Date of Verdict: September 11.

Court and Case No.: C.P. Luzerne No. 7819-CV-2009.

Judge: Michael T. Vough.

Type of Action: Personal injury.

Injuries: Left elbow contusion, cervical sprain, lumbar sprain.

Plaintiffs Counsel: John M. Solt, Slusser Law Firm, Hazleton, Pa.

Plaintiffs Expert: Dr. Joseph Diana, chiropractor, Hazleton.

Defense Counsel: Daniel E. Cummins, Foley, Comerford & Cummins, Scranton.

Defense Expert: Dr. Thomas A. Allardyce, orthopedic surgeon, Wilkes-Barre, Pa.

Comment: Plaintiff James Yuelling alleged in his pretrial memorandum that he was driving in Hazleton, Pa., when defendant John Cessaro “darted out of an alley at a high rate of speed and ‘T-boned’” Yuelling’s vehicle on the right side.

Yuelling alleged in his memorandum that he suffered injuries to his neck, back, shoulder and eye, but did not specify the nature of those injuries.

Cessaro said in his own memorandum that he didn’t see Yuelling’s vehicle when he pulled out of the alley.

Cessaro further argued in his memorandum that Yuelling’s alleged injuries — which included neck and back pain, arm and hand tremors, numbness and tingling, right rib pain, periodic headaches and glass in his eye — were not serious enough to allow for non-economic damages.

Therefore, according to information provided by Cessaro’s attorney, Daniel E. Cummins, the defense argued at trial that Yuelling was only covered under the limited tort option.

Both parties agreed that, at the time of the incident, Yuelling was a limited tort insured.

The defense admitted liability, according to Cummins, so the central issue at trial was whether Yuelling’s injuries were severe enough to entitle him to damages beyond those allowed by the limited tort option.

Cummins said the plaintiff relied primarily on an expert report by Yuelling’s chiropractor, Dr. Joseph Diana, who opined that Yuelling’s neck and lower back injuries were the result of the accident.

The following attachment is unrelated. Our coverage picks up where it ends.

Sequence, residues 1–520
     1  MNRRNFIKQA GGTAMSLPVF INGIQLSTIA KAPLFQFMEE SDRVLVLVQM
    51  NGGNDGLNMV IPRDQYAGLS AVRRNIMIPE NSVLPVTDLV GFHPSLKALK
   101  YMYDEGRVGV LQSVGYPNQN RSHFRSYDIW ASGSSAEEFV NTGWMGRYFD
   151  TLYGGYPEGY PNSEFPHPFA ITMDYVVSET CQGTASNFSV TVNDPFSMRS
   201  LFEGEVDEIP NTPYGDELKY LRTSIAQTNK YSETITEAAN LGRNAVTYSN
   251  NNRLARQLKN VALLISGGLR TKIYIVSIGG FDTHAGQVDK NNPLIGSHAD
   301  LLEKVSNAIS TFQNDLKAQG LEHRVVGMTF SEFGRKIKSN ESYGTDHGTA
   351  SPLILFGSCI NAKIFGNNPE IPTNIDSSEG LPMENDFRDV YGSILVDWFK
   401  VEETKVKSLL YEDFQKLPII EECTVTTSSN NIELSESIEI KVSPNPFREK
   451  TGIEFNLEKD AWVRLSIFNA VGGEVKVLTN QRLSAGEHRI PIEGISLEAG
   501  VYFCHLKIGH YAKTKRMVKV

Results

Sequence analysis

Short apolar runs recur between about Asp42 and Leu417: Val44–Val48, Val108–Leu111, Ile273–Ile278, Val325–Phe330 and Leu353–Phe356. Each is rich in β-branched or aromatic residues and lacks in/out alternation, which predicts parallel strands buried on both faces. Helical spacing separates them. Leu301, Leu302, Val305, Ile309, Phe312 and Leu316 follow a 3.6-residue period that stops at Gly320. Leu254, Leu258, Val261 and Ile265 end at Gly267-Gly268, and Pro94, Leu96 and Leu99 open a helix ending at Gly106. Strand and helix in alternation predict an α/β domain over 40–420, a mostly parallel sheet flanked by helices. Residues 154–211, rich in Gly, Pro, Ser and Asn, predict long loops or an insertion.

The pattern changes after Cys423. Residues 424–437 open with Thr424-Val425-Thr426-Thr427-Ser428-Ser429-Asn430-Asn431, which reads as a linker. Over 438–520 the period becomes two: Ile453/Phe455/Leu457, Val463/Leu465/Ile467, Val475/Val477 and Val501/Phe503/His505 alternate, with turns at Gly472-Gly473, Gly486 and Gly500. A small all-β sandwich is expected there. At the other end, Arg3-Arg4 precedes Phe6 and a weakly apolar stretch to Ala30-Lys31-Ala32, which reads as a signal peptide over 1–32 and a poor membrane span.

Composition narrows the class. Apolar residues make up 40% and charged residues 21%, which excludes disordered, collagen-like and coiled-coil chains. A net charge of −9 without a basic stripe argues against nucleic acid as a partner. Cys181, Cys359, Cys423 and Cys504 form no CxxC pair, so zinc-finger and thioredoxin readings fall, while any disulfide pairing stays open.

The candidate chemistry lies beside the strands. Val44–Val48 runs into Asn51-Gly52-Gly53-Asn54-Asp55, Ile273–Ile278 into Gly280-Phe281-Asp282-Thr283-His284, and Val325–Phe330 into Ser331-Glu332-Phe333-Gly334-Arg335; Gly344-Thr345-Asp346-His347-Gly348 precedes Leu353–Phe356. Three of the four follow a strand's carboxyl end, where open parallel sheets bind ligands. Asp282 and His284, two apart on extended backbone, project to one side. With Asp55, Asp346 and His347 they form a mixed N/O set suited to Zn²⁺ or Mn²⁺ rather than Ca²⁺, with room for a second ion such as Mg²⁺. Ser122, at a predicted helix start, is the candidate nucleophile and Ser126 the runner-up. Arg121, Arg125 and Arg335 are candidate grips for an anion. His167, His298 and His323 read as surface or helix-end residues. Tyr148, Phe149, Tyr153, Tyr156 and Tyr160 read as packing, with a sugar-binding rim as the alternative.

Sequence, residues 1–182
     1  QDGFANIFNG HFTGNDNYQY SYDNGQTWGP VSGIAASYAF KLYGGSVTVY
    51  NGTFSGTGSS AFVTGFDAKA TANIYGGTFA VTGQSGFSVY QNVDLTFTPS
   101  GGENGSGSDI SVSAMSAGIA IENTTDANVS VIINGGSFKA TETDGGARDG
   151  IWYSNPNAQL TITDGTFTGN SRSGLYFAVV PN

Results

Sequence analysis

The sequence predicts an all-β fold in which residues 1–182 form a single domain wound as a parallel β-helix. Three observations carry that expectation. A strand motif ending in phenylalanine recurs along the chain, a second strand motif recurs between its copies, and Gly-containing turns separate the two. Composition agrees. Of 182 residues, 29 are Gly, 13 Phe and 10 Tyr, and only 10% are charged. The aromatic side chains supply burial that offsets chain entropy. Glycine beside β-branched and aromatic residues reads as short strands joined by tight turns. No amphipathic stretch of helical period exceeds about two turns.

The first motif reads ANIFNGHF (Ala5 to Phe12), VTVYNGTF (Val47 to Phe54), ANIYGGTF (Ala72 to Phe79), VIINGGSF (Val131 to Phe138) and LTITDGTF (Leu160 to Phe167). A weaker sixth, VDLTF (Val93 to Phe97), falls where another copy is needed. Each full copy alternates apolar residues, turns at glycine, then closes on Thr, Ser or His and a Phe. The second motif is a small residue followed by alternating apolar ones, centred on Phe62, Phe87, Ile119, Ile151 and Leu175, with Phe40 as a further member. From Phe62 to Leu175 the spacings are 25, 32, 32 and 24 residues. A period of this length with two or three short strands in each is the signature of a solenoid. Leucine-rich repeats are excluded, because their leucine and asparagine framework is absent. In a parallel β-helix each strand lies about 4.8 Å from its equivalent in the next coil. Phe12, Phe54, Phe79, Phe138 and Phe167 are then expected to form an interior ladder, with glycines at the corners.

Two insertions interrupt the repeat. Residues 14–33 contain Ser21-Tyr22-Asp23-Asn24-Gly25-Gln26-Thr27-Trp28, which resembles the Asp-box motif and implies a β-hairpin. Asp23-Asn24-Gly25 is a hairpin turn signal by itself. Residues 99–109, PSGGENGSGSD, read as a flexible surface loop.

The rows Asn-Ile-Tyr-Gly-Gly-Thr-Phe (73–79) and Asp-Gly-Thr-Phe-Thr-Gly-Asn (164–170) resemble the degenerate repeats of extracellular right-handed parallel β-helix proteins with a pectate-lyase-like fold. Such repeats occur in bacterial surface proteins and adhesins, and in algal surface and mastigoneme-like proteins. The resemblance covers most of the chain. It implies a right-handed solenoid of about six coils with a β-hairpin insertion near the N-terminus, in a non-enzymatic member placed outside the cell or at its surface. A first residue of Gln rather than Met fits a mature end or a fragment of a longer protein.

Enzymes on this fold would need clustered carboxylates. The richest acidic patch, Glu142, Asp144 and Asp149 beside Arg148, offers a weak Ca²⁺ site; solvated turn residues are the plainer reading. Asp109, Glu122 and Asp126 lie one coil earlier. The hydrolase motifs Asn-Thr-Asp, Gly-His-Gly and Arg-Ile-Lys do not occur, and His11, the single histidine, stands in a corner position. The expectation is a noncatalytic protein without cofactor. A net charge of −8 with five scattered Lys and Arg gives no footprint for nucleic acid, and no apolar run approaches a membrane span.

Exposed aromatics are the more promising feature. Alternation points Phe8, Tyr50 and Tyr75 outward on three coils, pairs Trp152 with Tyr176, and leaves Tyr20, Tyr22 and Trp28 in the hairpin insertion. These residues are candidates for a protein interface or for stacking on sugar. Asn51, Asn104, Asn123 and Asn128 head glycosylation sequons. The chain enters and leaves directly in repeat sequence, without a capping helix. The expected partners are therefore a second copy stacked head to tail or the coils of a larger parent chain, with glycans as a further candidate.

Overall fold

According to Cummins, both parties informed the jury at trial that Yuelling had previously injured his back at work and had also sustained neck, bilateral shoulder and upper back injuries in a slip-and-fall.

According to Cummins, the defense submitted an expert report by an orthopedic surgeon, Dr. Thomas Allardyce, who concluded after examining Yuelling that the plaintiff had suffered a left elbow contusion, a cervical sprain and a lumbar sprain.

The defense also relied on an ambulance crew report that characterized examinations of Yuelling’s neck, back and extremities at the accident scene as “unremarkable” and his condition as “minor,” according to Cummins.

After about three hours of deliberation, according to Cummins, the 12-member jury unanimously returned its verdict, finding that Yuelling had not sustained serious enough injuries to overcome the limited tort threshold and therefore could not collect any non-economic damages.

The jury did, however, award Yuelling $3,781 in medical expenses.

Prior to trial, according to Cummins, the defense had offered to pay Yuelling his stated economic damages that, at the time, were about $3,885, but the defense had demanded $6,300.

Yuelling’s attorney, John M. Solt, could not be reached for comment at press time.

— Zack Needles, of the Law Weekly